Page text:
Bringing a Scandinavian flavor to local holiday celebrations, the Southern CA Damekor performed its fourth annual Glade Jul concert at Pala Mesa Resort in Fallbrook on Dec. 19.
The six members of the ladies chorus entertained an audience of 41 friends, relatives, and guests. Three of the Damekor members live in Murrieta, Darcie and Lorian Dunlop and their daughter Ruth, while Lynne Bradley, Joy Cook and Pat Hensley live in Fallbrook and are members of Daughters of Norway Hulda Garborg Lodge. All have Norwegian or Swedish roots in their family trees.
They presented an ambitious program of 23 songs sung in English, Norwegian or Swedish. Besides those languages, some of the songs were originally written in Sicilian, Icelandic and Danish. The Fireside Room, with a roaring fire and a decorated Christmas tree, was the perfect setting for the concert which started in near darkness with the traditional “Sankta Lucia” procession.
Ruth, 11, wore a wreath of candles (battery operated) while they all carried lit candles into the room to add to the Christmas mood. Ruth has been singing with the Damekor for three years now, since she tried it and “found I was good at it.”
Even though most of us in the audience do not understand Norwegian or Swedish, and the choir sings in “Fallbrook Norwegian” according to Bradley, the printed program gave enough English translations for us to get the message conveyed by the lyrics.
The songs spoke of yuletide customs and Christmas imagery: glowing candles, shining stars, roses and thorns, the way to Paradise, pudding and jolly gnomes. The fifth song, an Icelandic lullaby was dedicated to the families in Newtown, Conn., (who lost loved ones in the mass shooting on Dec. 14), “Sleep my dear one, we shall not be awake on dark nights…..”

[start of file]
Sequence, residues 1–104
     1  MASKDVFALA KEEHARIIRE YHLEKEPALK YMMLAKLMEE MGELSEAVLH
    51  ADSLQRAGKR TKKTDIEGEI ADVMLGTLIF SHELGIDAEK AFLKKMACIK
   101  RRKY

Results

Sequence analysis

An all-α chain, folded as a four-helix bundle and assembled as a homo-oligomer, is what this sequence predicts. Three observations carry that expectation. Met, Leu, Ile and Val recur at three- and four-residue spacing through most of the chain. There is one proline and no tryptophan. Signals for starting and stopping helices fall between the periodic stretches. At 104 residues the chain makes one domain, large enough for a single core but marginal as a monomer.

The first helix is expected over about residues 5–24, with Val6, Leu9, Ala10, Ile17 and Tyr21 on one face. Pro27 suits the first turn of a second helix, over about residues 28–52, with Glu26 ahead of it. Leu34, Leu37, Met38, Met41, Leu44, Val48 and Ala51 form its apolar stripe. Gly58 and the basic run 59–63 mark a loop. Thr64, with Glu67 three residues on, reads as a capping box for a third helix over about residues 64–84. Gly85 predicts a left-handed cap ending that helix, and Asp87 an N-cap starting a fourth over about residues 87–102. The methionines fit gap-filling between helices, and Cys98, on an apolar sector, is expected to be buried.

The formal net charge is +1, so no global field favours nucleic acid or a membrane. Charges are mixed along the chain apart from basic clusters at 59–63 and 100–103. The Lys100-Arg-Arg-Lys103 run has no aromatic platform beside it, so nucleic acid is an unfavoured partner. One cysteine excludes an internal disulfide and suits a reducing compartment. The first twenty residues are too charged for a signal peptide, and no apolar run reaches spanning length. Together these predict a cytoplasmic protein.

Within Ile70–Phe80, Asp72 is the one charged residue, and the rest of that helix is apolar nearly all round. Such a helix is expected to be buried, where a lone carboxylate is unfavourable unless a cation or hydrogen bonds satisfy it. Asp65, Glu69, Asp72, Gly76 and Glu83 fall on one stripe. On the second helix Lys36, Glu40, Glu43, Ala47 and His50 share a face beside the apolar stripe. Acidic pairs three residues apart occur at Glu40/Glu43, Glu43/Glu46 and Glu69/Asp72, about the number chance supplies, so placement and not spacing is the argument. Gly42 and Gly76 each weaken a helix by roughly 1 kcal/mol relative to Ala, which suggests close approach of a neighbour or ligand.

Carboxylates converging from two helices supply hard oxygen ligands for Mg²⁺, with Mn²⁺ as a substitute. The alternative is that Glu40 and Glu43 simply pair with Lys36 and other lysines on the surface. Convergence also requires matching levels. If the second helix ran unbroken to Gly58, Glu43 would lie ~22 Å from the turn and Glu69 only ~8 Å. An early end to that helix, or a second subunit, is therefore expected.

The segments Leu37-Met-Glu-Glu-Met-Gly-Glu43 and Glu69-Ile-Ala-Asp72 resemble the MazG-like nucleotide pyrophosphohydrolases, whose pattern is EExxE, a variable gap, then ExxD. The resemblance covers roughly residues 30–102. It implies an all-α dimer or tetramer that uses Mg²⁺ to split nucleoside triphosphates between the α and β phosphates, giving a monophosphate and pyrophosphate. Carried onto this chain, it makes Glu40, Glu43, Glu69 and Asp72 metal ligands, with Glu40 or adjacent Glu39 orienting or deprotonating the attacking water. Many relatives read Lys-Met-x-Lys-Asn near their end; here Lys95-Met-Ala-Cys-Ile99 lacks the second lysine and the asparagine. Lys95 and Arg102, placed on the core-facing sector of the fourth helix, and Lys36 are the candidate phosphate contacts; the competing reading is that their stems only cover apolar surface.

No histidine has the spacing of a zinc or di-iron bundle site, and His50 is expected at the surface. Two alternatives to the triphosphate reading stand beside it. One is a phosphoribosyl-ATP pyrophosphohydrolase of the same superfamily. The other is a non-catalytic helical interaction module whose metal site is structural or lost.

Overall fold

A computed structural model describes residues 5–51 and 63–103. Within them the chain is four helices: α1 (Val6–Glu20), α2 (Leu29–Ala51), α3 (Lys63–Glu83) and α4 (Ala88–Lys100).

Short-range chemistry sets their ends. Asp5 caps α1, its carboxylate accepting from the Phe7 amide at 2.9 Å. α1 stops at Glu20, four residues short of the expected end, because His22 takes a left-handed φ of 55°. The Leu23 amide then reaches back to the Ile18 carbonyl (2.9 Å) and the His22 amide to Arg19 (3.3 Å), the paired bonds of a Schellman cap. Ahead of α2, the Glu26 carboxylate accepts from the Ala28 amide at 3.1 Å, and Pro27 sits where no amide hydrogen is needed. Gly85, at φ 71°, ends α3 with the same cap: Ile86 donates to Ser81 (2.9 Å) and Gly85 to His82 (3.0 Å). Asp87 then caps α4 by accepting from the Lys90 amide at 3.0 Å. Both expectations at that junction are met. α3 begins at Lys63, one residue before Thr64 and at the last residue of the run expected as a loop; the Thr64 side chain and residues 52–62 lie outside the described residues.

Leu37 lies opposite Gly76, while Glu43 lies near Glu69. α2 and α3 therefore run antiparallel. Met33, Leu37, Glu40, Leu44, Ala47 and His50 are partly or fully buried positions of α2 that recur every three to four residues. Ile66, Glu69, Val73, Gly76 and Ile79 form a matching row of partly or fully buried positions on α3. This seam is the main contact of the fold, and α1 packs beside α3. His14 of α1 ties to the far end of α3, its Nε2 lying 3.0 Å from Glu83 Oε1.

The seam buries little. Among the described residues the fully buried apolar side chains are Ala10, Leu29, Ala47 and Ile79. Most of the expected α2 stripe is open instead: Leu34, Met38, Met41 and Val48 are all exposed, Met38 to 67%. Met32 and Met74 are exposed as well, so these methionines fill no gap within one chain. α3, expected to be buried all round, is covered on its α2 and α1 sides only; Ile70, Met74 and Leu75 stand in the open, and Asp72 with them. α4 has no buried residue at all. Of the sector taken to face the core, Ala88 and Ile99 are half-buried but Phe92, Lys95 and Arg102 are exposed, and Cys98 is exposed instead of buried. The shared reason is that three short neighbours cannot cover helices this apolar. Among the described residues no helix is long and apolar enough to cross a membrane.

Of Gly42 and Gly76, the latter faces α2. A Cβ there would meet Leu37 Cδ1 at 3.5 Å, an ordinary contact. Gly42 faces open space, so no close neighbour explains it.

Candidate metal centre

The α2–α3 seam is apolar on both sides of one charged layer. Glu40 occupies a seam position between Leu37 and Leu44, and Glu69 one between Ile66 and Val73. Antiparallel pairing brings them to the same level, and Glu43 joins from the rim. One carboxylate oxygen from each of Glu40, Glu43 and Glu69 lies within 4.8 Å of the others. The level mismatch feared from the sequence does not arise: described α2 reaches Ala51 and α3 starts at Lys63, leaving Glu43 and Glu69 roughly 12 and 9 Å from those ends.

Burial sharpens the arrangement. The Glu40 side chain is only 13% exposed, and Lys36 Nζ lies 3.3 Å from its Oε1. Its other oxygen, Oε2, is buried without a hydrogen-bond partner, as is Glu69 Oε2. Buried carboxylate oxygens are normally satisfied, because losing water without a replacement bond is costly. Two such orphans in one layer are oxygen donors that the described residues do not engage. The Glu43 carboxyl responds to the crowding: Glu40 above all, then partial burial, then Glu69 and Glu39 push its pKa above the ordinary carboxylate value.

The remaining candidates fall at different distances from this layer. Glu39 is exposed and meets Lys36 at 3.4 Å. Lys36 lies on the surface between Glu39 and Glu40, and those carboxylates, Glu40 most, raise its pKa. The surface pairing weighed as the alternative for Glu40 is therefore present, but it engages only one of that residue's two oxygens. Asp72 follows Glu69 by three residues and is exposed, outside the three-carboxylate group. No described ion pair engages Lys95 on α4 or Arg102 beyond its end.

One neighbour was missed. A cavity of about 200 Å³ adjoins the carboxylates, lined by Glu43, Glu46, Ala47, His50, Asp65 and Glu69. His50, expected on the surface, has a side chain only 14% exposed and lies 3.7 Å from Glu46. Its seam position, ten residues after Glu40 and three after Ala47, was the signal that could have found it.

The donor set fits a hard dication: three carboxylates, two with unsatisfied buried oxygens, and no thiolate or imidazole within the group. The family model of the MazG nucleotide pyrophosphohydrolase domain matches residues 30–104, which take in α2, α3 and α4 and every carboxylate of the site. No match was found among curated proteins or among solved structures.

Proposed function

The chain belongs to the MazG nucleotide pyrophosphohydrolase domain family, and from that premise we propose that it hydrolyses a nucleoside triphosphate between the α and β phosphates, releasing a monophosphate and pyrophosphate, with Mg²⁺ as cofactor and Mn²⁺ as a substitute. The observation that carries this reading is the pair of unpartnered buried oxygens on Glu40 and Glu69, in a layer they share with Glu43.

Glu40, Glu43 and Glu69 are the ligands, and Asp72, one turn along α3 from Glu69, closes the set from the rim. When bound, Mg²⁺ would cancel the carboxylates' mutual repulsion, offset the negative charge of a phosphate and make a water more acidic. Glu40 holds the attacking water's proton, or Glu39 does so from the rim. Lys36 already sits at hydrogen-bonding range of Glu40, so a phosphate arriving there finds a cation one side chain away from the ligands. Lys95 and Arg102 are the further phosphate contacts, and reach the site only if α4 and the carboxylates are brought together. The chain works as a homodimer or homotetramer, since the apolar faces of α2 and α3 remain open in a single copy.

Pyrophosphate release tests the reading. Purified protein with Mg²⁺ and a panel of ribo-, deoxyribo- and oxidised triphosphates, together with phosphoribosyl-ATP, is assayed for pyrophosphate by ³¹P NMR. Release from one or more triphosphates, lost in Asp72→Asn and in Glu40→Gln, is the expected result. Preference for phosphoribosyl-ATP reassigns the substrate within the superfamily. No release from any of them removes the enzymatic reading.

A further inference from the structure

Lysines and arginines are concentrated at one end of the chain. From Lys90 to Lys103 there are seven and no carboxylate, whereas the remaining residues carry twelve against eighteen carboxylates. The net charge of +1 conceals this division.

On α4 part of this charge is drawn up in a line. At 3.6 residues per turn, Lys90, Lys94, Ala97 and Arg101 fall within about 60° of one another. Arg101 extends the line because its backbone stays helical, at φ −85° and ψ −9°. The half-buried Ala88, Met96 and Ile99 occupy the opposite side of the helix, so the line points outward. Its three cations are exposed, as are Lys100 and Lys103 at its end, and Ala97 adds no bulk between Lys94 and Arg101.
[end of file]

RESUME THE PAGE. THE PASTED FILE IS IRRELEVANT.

Besides singing, five members also played instruments for various songs, Lorian on cello, Bradley on harp, Darcie on guitar, Hensley on piano and Ruth on flute which gave a nice variety of sounds accompanying their voices.
While the tone was serious for the most part, the song “Fruitcake” was performed like a skit with props for laughs. This opened the second half of the program after a brief intermission. I wondered how they were going to fit all of the songs into one hour, but they did, and without rushing or running out of breath.
An ongoing narration of the program, provided in between groups of songs, added information and meaning to the performance. To add to the Christmas spirit, the choir also had Mette Gaal, a native Norwegian who lives in Murrieta, read the Christmas story from the Bible, Luke 2:1-19, in Norwegian with harp and guitar music playing in the background. The Damekor than performed their last song of the evening, “Glade Jul,” which is “Silent Night” in Norwegian. With their singing, the ladies wished all “a peaceful Christmas, full of wonder, hope, love and joy.”
For those people in the audience who grew up with Scandinavian music, the concert was a visit with old familiar carols. For those of us who hadn’t heard these songs before, the concert was an enjoyable introduction to traditional Scandinavian Christmas music.
Any women who would like to join the Damekor, (knowledge of Norwegian or Swedish is not required), can call Bradley at (760) 505-8758 or e-mail firstname.lastname@example.org.